Greetings, SF FrontRunners!
Mid-October found me in St. Louis for the International FrontRunners Conference—plus a Rock N Roll Half-Marathon and playoff games between the Giants and the Cardinals. My race time was relatively swift on an unfamiliar course with lots of twists and turns thanks to my very dignified strategy: sport a Giants jersey and taunt the Cardinals fans in the pack: “you gonna let a San Francisco fan twice your age overtake you? C’mon, pick up the pace!” It was very motivating for all parties. And the course was largely scenic. The sun poked out over the famous Arch as we all crowded into our corrals for the 7am start. Stately brick Victorian mansions lined the streets of the Soulard and Shaw districts, with thick canopies of oak and gingko trees dropping their fall foliage onto still lush lawns. And I’ve never seen so many school-age children turn out for support—doing choreographed gymnastics and ballet routines, brandishing homemade signs (“Run, stranger, run!” and “Paul Ryan ran by here 2 ½ hours ago!”), distributing water and Gatorade with great earnestness, and cheering loudly.
Back to the International FrontRunners Conference. Given the Midwestern location, it’s not surprising that most of those in attendance hailed from the Jello Belt (a blobby line running north-south, just west of the Mississippi). Delegates from clubs in Kansas City, Austin, Chicago, Houston, and of course St. Louis were there, plus reps from DC, Boston, and patched in via Internet, Sydney and Ottawa (think the “cone of silence” from old Get Smart episodes; technology has not come as far as we’d like to think. Sigh.). In addition to planning for major gay sporting events happening next year in Antwerp, Belgium and Akron, Ohio, the most engaging part of the four-hour meeting was sharing best practices among the clubs. Our friends from Austin (link) have a whiz-bang registration system in place for new members. The folks from Boston (link) have a well-organized model for charity runs that’s been in place for over two decades. And in St. Louis, FR board terms are two years, instead of just one. I regret that there were no reps from cities with larger FR populations, such as Seattle, New York, Los Angeles. It would have been terrific to hear what keeps them running strong.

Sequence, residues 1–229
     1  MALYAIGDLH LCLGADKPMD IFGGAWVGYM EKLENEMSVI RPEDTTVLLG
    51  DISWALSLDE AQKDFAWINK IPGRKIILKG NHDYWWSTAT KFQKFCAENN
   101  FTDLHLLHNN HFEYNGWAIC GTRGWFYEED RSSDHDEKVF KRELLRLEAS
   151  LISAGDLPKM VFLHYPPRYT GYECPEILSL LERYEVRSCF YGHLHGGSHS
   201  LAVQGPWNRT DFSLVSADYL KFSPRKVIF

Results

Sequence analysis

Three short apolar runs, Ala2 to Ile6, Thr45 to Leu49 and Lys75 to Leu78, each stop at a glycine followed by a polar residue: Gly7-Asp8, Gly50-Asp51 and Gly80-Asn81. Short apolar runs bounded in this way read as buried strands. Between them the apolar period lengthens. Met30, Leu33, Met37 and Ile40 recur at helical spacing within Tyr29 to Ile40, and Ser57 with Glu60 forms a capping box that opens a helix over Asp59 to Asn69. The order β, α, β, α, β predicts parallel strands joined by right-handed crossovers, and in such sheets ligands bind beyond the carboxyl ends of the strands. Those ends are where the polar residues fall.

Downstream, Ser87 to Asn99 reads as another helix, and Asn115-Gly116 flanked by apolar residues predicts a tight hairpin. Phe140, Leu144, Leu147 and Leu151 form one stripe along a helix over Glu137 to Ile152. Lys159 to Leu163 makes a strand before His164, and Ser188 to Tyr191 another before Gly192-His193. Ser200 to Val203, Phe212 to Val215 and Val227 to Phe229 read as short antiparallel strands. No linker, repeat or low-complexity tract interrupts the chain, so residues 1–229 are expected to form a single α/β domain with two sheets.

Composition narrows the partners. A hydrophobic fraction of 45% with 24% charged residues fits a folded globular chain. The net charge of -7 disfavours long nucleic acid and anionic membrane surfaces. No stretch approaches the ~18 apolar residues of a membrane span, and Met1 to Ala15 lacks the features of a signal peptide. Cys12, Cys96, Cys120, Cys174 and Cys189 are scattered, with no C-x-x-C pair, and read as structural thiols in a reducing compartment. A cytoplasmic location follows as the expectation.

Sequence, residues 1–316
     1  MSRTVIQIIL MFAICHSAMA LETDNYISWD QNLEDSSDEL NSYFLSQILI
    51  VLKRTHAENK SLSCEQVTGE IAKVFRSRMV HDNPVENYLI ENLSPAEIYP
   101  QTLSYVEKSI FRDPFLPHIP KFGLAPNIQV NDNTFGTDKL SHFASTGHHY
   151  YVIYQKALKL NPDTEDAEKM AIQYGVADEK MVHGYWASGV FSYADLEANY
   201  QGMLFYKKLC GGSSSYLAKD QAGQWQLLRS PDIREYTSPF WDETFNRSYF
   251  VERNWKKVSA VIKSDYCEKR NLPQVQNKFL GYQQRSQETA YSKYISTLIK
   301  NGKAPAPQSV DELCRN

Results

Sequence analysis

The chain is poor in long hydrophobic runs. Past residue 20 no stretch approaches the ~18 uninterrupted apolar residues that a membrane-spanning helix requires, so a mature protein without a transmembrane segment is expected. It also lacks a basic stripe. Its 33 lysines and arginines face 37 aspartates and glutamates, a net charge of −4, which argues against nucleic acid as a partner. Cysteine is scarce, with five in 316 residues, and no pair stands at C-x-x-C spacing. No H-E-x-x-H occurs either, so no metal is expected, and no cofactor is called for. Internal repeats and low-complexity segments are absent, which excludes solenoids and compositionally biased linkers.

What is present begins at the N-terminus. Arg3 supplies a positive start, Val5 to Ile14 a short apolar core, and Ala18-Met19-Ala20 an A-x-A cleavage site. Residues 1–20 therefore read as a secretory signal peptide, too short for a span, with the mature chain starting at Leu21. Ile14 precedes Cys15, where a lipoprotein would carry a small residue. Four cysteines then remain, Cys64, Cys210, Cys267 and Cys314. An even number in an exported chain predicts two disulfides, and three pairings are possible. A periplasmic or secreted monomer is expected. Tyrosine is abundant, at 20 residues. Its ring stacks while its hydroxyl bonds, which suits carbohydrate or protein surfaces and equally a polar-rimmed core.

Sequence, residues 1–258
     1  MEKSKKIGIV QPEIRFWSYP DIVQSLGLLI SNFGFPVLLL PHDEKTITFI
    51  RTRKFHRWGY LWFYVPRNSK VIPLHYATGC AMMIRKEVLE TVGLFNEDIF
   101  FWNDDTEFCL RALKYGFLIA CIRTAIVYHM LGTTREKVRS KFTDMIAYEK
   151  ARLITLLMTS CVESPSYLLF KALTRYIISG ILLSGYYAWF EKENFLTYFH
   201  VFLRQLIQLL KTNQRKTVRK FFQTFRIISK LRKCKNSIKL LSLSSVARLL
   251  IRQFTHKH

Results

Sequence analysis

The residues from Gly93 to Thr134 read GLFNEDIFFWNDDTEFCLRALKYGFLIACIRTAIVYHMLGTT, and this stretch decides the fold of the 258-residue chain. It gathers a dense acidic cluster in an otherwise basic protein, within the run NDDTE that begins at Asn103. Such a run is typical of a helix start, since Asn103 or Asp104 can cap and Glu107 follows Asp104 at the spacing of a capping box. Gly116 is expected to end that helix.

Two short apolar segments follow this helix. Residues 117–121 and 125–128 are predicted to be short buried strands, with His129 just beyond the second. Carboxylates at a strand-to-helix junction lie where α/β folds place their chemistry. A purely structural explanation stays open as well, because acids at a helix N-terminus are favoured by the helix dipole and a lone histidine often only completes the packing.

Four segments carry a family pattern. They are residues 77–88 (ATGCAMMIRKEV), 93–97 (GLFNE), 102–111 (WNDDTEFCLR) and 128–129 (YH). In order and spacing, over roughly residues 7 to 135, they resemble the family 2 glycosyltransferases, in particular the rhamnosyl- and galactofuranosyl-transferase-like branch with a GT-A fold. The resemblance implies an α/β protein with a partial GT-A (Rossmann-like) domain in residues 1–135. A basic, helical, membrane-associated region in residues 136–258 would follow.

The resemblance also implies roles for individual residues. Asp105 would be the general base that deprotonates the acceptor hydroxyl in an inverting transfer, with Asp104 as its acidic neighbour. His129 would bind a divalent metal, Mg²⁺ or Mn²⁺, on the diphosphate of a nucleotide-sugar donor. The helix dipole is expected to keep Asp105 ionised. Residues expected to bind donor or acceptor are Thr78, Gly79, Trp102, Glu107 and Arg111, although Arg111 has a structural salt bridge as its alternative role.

As we are the founding chapter of FrontRunners worldwide (link), other clubs look to San Francisco as a leader. And we don’t disappoint. Relative to other clubs, SFFR offers social events practically every week, boasts about 220 paid members, allows members to recoup their dues (and actually make money) through discounts with multiple businesses (link), and spans the broadest spectrum of “bipedal activity”—from walkers to runners to track and field competitors.
Huge thanks go to current and former vice-presidents Brian Ray and Dominic Paris, who have spent inordinate amounts of time—and still do—on SFFR’s dazzling website and communications. The branded membership and outreach cards that Brian designed always impress, and the FrontRunners from other chapters were eager to see them.
Be proud of SFFR! We are a national leader. If you’re reading this column, you’re probably among the club’s more active members. Support SFFR by running for office next year (link) and buying tickets to the end-of-the-year banquet on December 7 (link). What are you waiting for? Pick up the pace!
San Francisco FrontRunners